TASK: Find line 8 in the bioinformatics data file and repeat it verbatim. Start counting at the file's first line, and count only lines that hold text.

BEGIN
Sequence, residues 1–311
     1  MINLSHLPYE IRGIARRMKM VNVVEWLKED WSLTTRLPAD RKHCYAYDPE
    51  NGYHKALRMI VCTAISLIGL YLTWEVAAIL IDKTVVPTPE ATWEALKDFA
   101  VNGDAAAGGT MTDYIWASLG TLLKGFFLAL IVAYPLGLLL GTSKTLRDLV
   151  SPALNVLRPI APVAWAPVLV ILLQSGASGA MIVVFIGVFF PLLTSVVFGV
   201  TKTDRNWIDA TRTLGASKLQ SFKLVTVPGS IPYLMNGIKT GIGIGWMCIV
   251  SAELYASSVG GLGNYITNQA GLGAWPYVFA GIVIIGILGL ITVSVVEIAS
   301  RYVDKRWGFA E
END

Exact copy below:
   301  RYVDKRWGFA E